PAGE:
Tags: satellite | goce | falls | all | clear | disintegrates

Satellite GOCE Falls; All Clear as Orbiting Object Disintegrates

By Michael Mullins   |   Monday, 11 Nov 2013 07:45 AM

The falling GOCE satellite that caused some angst among sky watchers last week has disintegrated after reentering the Earth's atmosphere Sunday night causing no damage to individuals or property in the process.

The European satellite known as the Gravity Field and Steady-State Ocean Circulation Explorer or GOCE, descended back to earth while on an "orbit pass that extended across Siberia, the western Pacific Ocean, the eastern Indian Ocean and Antarctica," according to the European Space Agency (ESA).

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"As expected, the satellite disintegrated in the high atmosphere and no damage to property has been reported," ESA added in a press release.

Having been launched in 2009, GOCE had for the past four years mapped the Earth's gravitational field.

Since running out of fuel on Oct. 21, the satellite has been gradually descending over the past three weeks, the Associated Press reported.

The ESA would did not say where the GOCE debris fragments hit the Earth's surface, only that approximately 25 percent of the one-ton satellite actually made impact, with the remainder apparently disintegrating upon reentry into the atmosphere.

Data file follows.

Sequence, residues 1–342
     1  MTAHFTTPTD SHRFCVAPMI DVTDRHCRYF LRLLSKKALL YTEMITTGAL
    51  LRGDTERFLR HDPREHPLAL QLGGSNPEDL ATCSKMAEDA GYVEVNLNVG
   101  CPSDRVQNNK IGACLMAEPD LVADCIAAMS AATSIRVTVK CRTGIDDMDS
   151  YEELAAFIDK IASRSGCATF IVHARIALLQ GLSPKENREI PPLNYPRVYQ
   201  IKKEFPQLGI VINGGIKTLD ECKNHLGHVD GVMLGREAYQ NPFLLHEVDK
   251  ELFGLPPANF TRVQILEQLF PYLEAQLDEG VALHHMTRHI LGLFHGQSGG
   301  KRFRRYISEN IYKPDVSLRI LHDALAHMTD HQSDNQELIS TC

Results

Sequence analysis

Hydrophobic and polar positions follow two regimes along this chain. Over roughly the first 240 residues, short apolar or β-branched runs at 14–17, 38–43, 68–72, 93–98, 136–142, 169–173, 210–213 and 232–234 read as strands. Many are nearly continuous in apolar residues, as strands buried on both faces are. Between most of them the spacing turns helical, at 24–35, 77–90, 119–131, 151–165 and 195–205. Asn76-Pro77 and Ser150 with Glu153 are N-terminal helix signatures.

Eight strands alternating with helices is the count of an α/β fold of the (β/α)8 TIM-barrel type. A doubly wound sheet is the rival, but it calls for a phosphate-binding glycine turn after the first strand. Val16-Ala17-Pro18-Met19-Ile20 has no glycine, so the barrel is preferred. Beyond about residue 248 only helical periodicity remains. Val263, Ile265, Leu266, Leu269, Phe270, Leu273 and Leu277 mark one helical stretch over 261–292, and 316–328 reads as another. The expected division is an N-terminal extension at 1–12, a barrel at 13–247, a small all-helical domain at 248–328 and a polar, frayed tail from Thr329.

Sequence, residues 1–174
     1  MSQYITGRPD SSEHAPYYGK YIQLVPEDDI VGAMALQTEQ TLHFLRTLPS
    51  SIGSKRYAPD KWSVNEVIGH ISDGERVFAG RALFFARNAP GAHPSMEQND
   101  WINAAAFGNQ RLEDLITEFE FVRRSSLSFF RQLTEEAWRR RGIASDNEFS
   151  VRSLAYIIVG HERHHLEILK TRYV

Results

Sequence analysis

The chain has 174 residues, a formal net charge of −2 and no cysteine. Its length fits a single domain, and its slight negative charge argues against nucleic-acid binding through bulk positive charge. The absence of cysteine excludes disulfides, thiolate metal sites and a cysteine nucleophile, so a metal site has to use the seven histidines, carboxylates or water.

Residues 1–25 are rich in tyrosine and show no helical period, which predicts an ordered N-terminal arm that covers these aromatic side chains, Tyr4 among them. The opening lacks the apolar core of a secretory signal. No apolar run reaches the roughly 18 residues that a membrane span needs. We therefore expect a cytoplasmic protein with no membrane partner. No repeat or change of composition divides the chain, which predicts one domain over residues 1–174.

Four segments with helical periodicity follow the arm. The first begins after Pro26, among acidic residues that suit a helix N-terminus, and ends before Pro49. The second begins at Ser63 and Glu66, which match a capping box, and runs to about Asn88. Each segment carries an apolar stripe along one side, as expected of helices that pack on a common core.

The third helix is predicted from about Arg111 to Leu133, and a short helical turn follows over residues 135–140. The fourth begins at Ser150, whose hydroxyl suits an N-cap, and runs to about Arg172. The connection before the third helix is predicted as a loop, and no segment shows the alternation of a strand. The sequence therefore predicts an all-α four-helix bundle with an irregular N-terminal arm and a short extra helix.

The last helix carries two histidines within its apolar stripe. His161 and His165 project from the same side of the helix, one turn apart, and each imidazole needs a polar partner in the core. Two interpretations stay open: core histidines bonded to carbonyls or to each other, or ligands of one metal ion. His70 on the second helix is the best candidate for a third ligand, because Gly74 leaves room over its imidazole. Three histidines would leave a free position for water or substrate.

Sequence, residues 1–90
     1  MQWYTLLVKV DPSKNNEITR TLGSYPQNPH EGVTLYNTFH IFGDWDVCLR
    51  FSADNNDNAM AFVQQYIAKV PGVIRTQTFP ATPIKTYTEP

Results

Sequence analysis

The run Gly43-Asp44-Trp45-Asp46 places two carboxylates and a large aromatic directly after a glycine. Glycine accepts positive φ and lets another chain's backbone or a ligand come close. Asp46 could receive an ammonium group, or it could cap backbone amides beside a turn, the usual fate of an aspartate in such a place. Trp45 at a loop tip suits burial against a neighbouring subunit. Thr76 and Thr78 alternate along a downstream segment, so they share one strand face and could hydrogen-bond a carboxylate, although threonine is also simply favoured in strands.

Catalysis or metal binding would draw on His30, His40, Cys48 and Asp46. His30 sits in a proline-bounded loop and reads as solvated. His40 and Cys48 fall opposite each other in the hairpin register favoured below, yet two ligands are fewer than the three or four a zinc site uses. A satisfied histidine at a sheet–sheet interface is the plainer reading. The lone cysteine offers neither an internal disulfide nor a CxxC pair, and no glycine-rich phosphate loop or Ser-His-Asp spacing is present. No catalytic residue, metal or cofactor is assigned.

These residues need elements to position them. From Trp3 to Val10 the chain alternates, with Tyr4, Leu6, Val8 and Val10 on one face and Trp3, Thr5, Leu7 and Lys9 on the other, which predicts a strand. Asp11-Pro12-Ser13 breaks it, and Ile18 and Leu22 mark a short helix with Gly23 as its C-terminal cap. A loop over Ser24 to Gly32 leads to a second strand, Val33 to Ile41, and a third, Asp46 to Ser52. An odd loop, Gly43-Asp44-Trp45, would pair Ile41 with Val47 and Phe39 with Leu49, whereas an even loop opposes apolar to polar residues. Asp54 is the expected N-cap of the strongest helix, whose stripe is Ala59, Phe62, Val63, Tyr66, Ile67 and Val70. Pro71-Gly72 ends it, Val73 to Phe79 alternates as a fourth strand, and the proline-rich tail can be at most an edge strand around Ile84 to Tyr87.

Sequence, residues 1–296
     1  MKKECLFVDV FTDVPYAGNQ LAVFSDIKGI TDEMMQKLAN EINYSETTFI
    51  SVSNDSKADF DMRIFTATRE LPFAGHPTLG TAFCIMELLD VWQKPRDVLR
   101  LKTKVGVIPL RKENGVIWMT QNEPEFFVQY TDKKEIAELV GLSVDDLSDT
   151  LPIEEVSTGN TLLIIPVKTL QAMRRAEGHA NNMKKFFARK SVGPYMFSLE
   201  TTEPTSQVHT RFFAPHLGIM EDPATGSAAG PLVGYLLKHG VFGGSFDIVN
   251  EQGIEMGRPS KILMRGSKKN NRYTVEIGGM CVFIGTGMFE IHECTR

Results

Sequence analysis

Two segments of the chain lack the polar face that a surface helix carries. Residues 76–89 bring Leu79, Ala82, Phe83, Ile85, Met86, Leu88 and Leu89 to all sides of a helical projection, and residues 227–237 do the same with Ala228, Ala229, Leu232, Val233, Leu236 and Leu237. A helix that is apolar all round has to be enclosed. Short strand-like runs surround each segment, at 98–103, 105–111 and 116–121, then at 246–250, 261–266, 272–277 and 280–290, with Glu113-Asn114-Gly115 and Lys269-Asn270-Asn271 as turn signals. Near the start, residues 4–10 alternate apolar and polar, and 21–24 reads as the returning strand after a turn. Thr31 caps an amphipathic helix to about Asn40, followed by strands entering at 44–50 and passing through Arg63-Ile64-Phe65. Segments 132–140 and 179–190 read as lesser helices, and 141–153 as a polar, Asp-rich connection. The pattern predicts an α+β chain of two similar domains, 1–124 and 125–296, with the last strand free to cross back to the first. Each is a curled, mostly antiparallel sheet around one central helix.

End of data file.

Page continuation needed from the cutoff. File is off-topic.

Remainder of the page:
Scientist had initially predicted the satellite would break apart into approximately 25 to 45 fragments, the largest of which could weigh up to 200 pounds.

"The one-ton GOCE satellite is only a small fraction of the 100–150 ton of man-made space objects that reenter Earth’s atmosphere annually," said Heiner Klinkrad, Head of ESA’s Space Debris Office.

"In the 56 years of spaceflight, some 15,000 ton of man-made space objects have reentered the atmosphere without causing a single human injury to date."

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The $465-million mission gave way to the lowest flying satellite ever to encircle the earth at nearly 140 miles, according to NDTV.com.

In order to reduce the potential dangers associated with reentry of space debris, the United Nations adopted guidelines in 2008 requiring future spacecraft to be equipped with thrusters to ensure safer endings.

The GOCE had already been designed when the guidelines were adopted by the UN.

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